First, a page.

While the A-12 was being tested and refined, US officials mulled over two major issues concerning it. The first was whether to publicly disclose the OXCART program. The Department of Defense had grown concerned that it could not overtly explain all the money the Air Force was spending on its versions of the A-12. At the same time, some CIA and Pentagon officials recognized that crashes or sightings of test flights could compromise the project. With a turning radius of no less than 86 miles at full speed, the A-12 overflew a vast expanse of unrestricted territory. Soon after the first flights in April 1962, CIA and the Air Force changed the program’s cover story from involving an interceptor aircraft to a multipurpose satellite launch system.
In late 1962 and early 1963 the Department of Defense considered surfacing the YF-12A to provide a cover, reasoning that divulging the existence of a purely tactical aircraft would not reveal any clandestine collection capabilities. Voiced principally by CIA officials and James Killian and Edwin Land of the President’s Foreign Intelligence Advisory Board (PFIAB), the contrary argument—disclosing any version of the A-12 would compromise its design innovations, enable the Soviets to develop countermeasures, and destroy its value for reconnaissance—prevailed for the time being. The surfacing issue lingered, however, because OXCART technology would be useful for the Air Force’s supersonic B-70 bomber then under development, and for the proposed commercial supersonic transport that Congress was thinking about subsidizing. President Kennedy told CIA and the Pentagon to develop a plan for surfacing the OXCART program but to wait further instructions before proceeding.
By early 1964 the argument for disclosure had become persuasive. More A-12s were arriving at the test site and making more flights. The aircraft’s existence probably would be revealed eventually under circumstances the US government could not control, such as a training accident or equipment malfunction, or through a news leak. Commercial airline crews had sighted the A-12 in flight, and the editor of Aviation Week indicated that he knew about highly secret activities at the Skunk Works and would not let another publication scoop him. A key factor was that the Soviets’ TALL KING radar would be able to identify and track the A-12 despite its small, nonpersistent radar return. Finally, the White House’s reluctance to resume flights over Soviet territory would soon force a change in the A-12’s mission. Instead of flying over denied areas to collect strategic intelligence, it would most likely be used as a quick-reaction surveillance platform in fast-moving conflicts—a tactical function the Air Force should carry out, not CIA.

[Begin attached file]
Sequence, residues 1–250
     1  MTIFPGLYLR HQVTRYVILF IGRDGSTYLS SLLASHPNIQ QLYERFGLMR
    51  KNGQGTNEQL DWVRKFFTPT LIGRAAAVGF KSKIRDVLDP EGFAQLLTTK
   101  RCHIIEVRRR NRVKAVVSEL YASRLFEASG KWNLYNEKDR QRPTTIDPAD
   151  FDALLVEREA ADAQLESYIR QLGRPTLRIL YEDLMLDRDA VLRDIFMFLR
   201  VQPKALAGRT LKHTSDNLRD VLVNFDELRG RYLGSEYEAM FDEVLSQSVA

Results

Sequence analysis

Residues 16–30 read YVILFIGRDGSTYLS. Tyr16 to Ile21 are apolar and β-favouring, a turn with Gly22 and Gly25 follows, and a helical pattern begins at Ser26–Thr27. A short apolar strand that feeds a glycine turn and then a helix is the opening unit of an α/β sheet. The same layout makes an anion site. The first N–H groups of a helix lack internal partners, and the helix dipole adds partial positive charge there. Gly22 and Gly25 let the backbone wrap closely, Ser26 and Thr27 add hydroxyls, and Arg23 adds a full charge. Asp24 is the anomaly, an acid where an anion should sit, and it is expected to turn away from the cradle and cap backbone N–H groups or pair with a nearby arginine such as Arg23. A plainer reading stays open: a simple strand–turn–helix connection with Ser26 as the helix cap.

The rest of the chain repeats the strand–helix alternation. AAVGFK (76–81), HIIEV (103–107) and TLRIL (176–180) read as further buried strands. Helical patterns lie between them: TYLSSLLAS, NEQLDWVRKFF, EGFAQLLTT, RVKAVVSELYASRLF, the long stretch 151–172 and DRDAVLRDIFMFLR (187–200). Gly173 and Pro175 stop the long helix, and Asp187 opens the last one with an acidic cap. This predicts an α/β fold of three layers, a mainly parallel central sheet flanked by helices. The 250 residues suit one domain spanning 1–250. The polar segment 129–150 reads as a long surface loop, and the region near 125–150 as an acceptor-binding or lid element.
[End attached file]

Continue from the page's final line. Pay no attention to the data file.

On 29 February 1964, the National Security Council decided to surface OXCART. Later that day, the White House announced the successful development of an advanced experimental aircraft, the A‑11, which has been tested in sustained flight at more than 2,000 miles per hour and at altitudes in excess of 70,000 feet. The performance of the A-11 far exceeds that of any other aircraft in the world today. The development of this aircraft has been made possible by major advances in aircraft technology of great significance for both military and commercial applications. The A‑11 aircraft now at Edwards Air Force Base are undergoing extensive tests to determine their capabilities as long-range interceptors.
For security reasons, the Air Force’s YF-12A interceptor was surfaced, not the A-12, and it was referred to as the A-11, at Kelly Johnson’s suggestion. None of the aircraft were already at Edwards, so two had to be rushed from the test site to support the cover story. Johnson recalled that “the aircraft were so hot that when they were moved into the new hanger the fire extinguishing nozzles came on and gave us a free wash job." Testing of the A-12s continued at the secret facility; CIA’s involvement in the project remained classified, although it was widely assumed.
Surfacing the “A-11” unexpectedly embroiled program managers and technicians in a debate over using an OXCART aircraft to publicly set a world speed record. The presidential announcement stated that “[t]he world record for aircraft speed, currently held by the Soviets [1,665 mph], has been repeatedly broken in secrecy by the…A-11. The President has instructed the Department of Defense to demonstrate this capability with the procedure which, according to international rules, will permit the result of the test to be entered as a new world record.” CIA leaders strongly opposed using any of the A-12s to attempt this aeronautical feat. Of the four aircraft used in test flights, only Article 121 had reached the cited speed. Using it in the record trials would set back the testing schedule, jeopardize the aircraft, and undermine the security of the program because the differences between the CIA and Air Force versions would be noticed, and the record would have to be set under the auspices of an uncleared international aviation organization.
Consequently, the A-12 was kept out of the competition. No YF-12As were put forward right away because managers of that program were concentrating on armaments rather than speed. At the time, the interceptor had not flown above Mach 2.6. A plane was not ready for the speed trial for over a year. Then on 1 May 1965, a YF-12A set speed and altitude records of 2,070.1 mph and 80,257.65 feet—the first of many for OXCART aircraft.